It was the longest game of the season for both teams. It was also the longest game at Citizens Bank Park since July 2, 2004, when the Orioles and Phillies played 16 innings.
The last time the Astros played a game this long was July 6, 2008, when they lost to the Braves in Atlanta in 16 innings.
The Astros are 7-4 in extra innings this year.
Wilton Lopez’s career-best scoreless streak ended at 20 innings when he allowed a solo home run to Jimmy Rollins in the ninth inning. Lopez’s streak was the longest active one in the Majors.
Carlos Lee has hit safely in 11 straight games at Citizens Bank Park and is hitting .404 over that span. He also has 23 RBIs in his last 24 games.
Tim Byrdak has pitched eight straight scoreless innings, spanning 10 games.
Got this tweet from @comahan13:
“Wow they flipped Gose for Wallace? That’s a great move if it’s true, and almost single-handedly changes my opinion of all this.”
That was exactly my reaction when I heard the Astros traded one of the Phillies prospects they acquired for Roy Oswalt for a 6-foot-2, 205-pound first baseman — a former No. 1 draft pick whose future is at first base.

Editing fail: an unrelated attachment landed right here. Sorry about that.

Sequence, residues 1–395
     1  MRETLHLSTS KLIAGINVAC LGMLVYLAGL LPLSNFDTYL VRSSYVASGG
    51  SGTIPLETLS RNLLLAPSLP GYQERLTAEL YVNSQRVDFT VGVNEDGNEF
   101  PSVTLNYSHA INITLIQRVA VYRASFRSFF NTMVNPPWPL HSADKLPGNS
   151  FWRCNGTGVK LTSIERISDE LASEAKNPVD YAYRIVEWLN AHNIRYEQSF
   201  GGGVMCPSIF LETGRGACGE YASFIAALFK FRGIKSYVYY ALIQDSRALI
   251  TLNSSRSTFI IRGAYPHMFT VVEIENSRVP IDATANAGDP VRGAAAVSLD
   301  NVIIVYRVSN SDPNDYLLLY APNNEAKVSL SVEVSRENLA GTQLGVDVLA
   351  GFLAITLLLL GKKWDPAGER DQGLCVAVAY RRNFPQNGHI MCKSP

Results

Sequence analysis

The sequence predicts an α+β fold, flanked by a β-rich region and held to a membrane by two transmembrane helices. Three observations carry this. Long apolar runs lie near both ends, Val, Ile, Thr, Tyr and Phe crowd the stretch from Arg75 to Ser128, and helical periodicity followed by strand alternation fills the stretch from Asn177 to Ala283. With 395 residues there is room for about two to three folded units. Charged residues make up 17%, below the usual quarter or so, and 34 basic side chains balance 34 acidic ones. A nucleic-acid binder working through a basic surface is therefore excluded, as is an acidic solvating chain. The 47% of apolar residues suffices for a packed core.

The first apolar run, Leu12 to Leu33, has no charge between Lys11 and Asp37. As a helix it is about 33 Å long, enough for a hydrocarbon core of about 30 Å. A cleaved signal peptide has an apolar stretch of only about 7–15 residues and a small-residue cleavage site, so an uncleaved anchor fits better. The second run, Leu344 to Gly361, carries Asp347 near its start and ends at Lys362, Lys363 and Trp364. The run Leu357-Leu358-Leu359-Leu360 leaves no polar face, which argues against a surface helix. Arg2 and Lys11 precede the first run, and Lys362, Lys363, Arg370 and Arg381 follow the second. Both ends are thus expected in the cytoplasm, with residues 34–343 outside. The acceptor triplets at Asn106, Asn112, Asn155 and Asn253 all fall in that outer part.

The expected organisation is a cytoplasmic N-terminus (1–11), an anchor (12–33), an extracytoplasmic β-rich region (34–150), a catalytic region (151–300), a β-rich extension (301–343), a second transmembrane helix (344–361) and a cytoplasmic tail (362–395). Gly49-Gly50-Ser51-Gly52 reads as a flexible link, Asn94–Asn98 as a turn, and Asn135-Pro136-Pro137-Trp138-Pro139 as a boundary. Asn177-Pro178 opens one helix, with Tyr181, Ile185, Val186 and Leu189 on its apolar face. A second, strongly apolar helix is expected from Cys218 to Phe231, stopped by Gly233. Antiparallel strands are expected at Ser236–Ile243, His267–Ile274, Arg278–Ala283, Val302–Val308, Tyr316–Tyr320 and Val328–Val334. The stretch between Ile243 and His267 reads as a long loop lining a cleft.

My original reaction to the players the Astros acquired in the Oswalt trade wasn’t so enthusiastic. I was glad they received J.A. (pronounced “Jay”) Happ, a bona fide Major League ready pitcher, but when I looked at outfielder Anthony Gose’s credentials, he seemed so much like Michael Bourn and Minor League outfielder Jay Austin and I was wholly disappointed that the Astros did not go for a slugging infielder, something sorely lacking in the upper levels of their farm system.
Then the Astros flipped Gose to Toronto for infielder Brett Wallace, a power-hitting corner infielder. He appears to be a blue-chip offensive player who hasn’t established himself at a particular position, and he’ll report to Round Rock immediately to begin honing his skills at first base.
The other prospect in the deal, shortstop Jonathan Villar, will go to Class A Lancaster. He was described by general manager Ed Wade as having “very significant tools — speed, good hands, above average arm. Good instincts to hit.” Villar is a step behind ’09 first-round pick Jiovanni Mier, who’s playing at Class A Lexington.
I received a lot of questions from you throughout the day on Thursday, so let’s get cracking…
Q: Looking at the season Wallace is having at AAA it looks like a great trade. Any idea why Jays would trade Wallace for Gose?